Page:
Hunkering down, the volunteers waited for days for the reinforcements promised by Kiev. But the cavalry never came. Instead, a "green corridor" was negotiated through which the Ukrainian troops could retreat.
The safe passage turned out to be a trap, however: They were ambushed by Russian forces who bombarded them with artillery and rocket fire.
During the attack, the rebels took many Ukrainian troops captive and, despite several prisoner exchanges since, hundreds of soldiers are still missing.
In Ilovaisk, the POWs are held in dark, dank basements inside rebel headquarters. The men aren't allowed to communicate with the outside world. They are forced to sleep on grimy cots and soiled mattresses thrown onto floors that crawl with insects drawn to the squalor in which the men live. And they are woken up every day at dawn so they can work for the rebels until sundown.
Andrei, a brawny rebel commander who observed POWs repairing a rooftop destroyed by ordnance, was eager to tell of the prisoners comfort, noting that they have access to showers and bathrooms and are given a television on which they can watch "romances and comedies, but nothing patriotic that would excite them," he said.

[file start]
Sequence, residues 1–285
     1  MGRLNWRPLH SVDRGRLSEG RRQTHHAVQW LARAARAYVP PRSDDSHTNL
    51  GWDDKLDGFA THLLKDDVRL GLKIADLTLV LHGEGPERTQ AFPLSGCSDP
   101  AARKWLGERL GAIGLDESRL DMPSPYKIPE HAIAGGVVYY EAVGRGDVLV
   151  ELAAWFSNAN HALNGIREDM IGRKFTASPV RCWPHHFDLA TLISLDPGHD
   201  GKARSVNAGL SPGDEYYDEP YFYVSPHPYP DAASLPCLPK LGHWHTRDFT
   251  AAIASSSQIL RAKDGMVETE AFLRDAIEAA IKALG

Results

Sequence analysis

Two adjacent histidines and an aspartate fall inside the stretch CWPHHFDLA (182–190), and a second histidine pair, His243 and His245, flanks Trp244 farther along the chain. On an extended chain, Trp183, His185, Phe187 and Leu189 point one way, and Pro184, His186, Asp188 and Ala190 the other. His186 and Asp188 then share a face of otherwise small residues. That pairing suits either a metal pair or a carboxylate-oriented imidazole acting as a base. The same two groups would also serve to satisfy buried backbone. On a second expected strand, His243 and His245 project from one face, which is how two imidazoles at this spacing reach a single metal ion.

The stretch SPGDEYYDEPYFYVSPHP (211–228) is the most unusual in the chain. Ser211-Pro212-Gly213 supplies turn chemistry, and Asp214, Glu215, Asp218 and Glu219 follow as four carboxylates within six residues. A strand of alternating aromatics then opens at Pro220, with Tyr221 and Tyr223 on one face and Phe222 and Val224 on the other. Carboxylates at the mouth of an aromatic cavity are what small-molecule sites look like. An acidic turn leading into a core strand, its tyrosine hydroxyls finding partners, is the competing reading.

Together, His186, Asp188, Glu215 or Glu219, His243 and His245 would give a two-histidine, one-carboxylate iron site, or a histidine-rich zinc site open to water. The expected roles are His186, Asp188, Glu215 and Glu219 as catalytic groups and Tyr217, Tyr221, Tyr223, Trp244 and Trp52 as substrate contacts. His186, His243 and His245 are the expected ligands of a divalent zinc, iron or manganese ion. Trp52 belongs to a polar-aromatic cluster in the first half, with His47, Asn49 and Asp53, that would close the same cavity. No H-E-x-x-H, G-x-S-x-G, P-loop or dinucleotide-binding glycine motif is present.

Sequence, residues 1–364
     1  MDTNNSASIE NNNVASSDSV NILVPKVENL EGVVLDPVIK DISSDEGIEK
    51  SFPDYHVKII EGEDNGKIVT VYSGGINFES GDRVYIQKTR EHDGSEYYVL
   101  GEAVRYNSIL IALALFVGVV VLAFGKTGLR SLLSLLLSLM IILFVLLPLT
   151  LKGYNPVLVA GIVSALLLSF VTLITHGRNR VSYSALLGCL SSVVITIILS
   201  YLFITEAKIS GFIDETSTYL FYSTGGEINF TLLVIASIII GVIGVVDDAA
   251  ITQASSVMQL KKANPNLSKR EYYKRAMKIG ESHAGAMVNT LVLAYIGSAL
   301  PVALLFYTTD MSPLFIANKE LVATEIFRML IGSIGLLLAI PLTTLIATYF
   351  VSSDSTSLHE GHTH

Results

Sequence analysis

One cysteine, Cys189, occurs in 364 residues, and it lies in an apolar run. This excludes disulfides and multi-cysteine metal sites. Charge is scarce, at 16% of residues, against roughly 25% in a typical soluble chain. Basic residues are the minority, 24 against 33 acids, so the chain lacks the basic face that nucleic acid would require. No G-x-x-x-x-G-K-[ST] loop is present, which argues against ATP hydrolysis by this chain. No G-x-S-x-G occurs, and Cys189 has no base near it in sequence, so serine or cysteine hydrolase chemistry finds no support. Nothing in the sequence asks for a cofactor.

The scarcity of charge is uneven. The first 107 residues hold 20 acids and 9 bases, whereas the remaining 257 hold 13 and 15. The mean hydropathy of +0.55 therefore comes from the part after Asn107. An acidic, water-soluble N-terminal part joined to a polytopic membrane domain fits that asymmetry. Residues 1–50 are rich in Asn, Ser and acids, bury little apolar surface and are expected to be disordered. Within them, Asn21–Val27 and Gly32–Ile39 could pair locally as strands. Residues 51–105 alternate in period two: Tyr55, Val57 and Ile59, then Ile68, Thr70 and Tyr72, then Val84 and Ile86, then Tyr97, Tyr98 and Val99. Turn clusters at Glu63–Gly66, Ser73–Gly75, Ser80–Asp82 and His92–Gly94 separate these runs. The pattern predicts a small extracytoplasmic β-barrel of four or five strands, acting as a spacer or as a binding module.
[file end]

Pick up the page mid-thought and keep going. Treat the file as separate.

Holding a matchstick between his lips, Andrei kept flicking the safety on his rifle up and down with his right thumb and index finger. He then offered a cigarette to one of his prisoners.
"We're not monsters," he said.
A pro-Russian rebel commander stands guard near Ukrainian prisoners of war who are forced to repair the rooftop of a garage damaged by shelling in August in the eastern Ukrainian town of Ilovaisk. (Image: Evgeny Feldman)
Still, conditions here are grim.